This was this year’s surprise package and my pick for fight of the year. Tommy Coyle is one of the two rising stars of Hull Boxing (along with Luke Campbell), and when the 25 year old was paired up with unheralded Argentinian Daniel Brizuela, most viewed it as more of a rankings move and showcase opportunity than a legitimate test for the home fighter. Coyle’s Achilles heel however has been a penchant for being drawn into shootouts in bouts he would otherwise control. It’s gradually making him a must see fighter, but it’s also made his climb in the sport a lot more arduous. It was his undoing when he faced Derry Mathews for the commonwealth belt in 2013, and it nearly was again here against Brizuela. Each guy had taken four count before this one was said and done, and Coyle showed he had the mettle to battle back from the brink. It’s what he learns from fights like this which will decide how far he can go.
6. The Brawl – Matthysse Vs Molina
April 26th (Carson)
We had to take at least one from the StubHub. The California venue has been home to one great brawl after another over the last few years and it added a few more in 2014. The pick of the bunch though was Lucas Matthysse’s April clash with John Molina. Both Molina and Matthysse have reputations as being TV dynamite as far as action fights go and there were no fears of this one being dull going in. This was going to be a fight for as long as it lasted and it lasted longer than most would have thought. With Matthysse on the rebound from the Danny Garcia defeat, Molina’s open style figured to play right into his hands, giving him the opportunity to get back on the wagon and look good doing it. Molina hadn’t read the script though, and when he put La Máquina over in round two, you knew another Stubhub classic was on the way.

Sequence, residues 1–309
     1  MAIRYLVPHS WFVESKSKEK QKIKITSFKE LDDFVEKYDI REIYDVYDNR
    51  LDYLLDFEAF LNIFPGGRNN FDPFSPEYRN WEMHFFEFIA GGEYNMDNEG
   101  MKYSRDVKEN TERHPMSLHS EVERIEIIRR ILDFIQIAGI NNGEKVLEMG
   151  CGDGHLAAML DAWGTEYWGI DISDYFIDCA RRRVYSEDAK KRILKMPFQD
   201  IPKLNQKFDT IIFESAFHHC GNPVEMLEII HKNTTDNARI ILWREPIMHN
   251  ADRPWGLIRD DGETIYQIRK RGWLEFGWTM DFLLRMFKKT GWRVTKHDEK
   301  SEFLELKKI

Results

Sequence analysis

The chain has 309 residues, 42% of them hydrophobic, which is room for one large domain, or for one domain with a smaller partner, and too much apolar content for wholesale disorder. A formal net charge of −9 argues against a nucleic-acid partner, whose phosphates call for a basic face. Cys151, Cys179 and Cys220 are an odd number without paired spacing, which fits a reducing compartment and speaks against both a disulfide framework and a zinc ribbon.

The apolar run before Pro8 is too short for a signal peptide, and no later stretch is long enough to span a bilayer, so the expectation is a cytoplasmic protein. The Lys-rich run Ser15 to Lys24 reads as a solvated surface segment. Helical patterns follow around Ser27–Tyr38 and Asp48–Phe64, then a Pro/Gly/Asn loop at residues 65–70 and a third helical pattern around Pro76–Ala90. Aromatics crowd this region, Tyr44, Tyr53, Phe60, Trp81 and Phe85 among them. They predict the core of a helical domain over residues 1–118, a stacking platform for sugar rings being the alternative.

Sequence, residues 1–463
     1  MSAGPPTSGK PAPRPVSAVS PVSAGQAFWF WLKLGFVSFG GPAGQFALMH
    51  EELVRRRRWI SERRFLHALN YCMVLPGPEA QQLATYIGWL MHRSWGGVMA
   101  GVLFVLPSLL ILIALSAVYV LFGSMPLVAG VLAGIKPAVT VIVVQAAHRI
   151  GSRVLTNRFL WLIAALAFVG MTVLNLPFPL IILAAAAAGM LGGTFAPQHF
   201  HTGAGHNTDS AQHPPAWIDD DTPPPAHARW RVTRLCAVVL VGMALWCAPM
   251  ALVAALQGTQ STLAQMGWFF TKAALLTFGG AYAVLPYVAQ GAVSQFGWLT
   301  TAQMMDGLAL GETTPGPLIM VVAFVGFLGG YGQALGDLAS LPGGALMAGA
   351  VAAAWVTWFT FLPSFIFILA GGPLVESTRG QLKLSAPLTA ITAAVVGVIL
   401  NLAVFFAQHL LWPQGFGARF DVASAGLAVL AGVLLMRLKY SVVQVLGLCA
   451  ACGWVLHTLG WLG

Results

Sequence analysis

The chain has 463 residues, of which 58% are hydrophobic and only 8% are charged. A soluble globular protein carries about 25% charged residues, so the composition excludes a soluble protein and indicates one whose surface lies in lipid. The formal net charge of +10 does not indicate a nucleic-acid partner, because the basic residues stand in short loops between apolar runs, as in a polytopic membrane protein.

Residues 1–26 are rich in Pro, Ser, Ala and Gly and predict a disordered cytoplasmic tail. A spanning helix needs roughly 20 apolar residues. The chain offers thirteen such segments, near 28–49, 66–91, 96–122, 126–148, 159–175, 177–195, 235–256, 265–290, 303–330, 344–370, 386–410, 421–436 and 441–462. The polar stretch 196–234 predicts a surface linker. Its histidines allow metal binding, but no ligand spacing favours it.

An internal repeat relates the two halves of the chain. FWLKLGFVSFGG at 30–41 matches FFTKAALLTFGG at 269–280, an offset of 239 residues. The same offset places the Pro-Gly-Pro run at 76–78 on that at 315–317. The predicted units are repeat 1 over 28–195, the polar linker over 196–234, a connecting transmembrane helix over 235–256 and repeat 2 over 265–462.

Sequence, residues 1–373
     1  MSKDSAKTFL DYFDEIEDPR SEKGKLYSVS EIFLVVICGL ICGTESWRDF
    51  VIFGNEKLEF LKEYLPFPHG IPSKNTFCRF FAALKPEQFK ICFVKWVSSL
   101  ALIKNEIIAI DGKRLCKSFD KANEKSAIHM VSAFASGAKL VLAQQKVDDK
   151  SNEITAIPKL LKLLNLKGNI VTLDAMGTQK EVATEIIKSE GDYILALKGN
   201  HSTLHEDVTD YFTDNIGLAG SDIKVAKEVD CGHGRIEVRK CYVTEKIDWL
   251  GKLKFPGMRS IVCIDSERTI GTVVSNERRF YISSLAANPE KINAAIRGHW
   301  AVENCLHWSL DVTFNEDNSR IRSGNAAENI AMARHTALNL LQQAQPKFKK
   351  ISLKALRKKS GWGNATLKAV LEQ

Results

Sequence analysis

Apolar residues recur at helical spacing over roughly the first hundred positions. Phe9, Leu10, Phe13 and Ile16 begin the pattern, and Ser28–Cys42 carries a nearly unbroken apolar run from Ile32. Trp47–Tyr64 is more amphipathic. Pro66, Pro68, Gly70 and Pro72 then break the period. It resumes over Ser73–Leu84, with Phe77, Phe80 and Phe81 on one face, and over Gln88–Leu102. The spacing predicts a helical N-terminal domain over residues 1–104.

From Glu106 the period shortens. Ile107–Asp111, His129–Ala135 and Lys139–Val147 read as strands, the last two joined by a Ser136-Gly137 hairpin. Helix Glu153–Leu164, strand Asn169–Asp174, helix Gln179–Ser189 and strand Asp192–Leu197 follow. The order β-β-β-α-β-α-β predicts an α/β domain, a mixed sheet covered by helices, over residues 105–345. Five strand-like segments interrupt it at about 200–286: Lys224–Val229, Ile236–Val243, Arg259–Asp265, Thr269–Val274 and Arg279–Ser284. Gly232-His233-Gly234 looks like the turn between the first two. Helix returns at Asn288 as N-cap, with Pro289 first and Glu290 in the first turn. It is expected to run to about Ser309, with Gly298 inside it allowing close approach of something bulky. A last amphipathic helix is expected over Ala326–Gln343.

7. The Heavyweights – Cunningham Vs Mansour
April 4th (Philadelphia)
There’s not been a huge amount to crow about in the heavyweight division over recent times, but I’m starting to feel that momentum is back moving in the right direction again. The big guys have produced a handful of really good fights this year. Wladimir Klitschko is showing no signs of slowing down with the 38 year old turning in arguable the most impressive performance of his entire career back in November against Kubrat Pulev. And while Wlad’s historic championship reign continues, a handful of fresh faces are starting to emerge from Tyson Fury and Anthony Joshua to Deontay Wilder and Bryant Jennings or Andy Ruiz, David Price and Joseph Parker. It was however two of the divisions elder statesman that gave us the heavyweight fight of the year. Neither Steve Cunningham nor Amir Mansour are likely to factor in the title picture at this late stage of their respective careers, but they are each still capable of producing some fun filled fights. Their April 4th encounter was the type of knock down, drag out brawl we want to see more of at maximum weight.
8. The Veterans – Sturm Vs Stieglitz
November 8th (Stuttgart)
Felix Sturm and Robert Stieglitz went into their November 8th contest as two star fighters in a major bout – with no belts up for grabs – but still a lot on the line. After each dropped their world titles early in 2014, another loss for either man could have spelled the end. While both may be past prime, they can each still fight. They are both still capable of competing for championships, and they each still have the name value to draw major fan interest in Germany. Neither could afford another lose here and that’s how they fought – nothing was held back over a terrific twelve rounds in Stuttgart. Sturm, who was for so long maligned as a boring fighter in his younger years, has now become a perennial fixture in most year end best fight lists.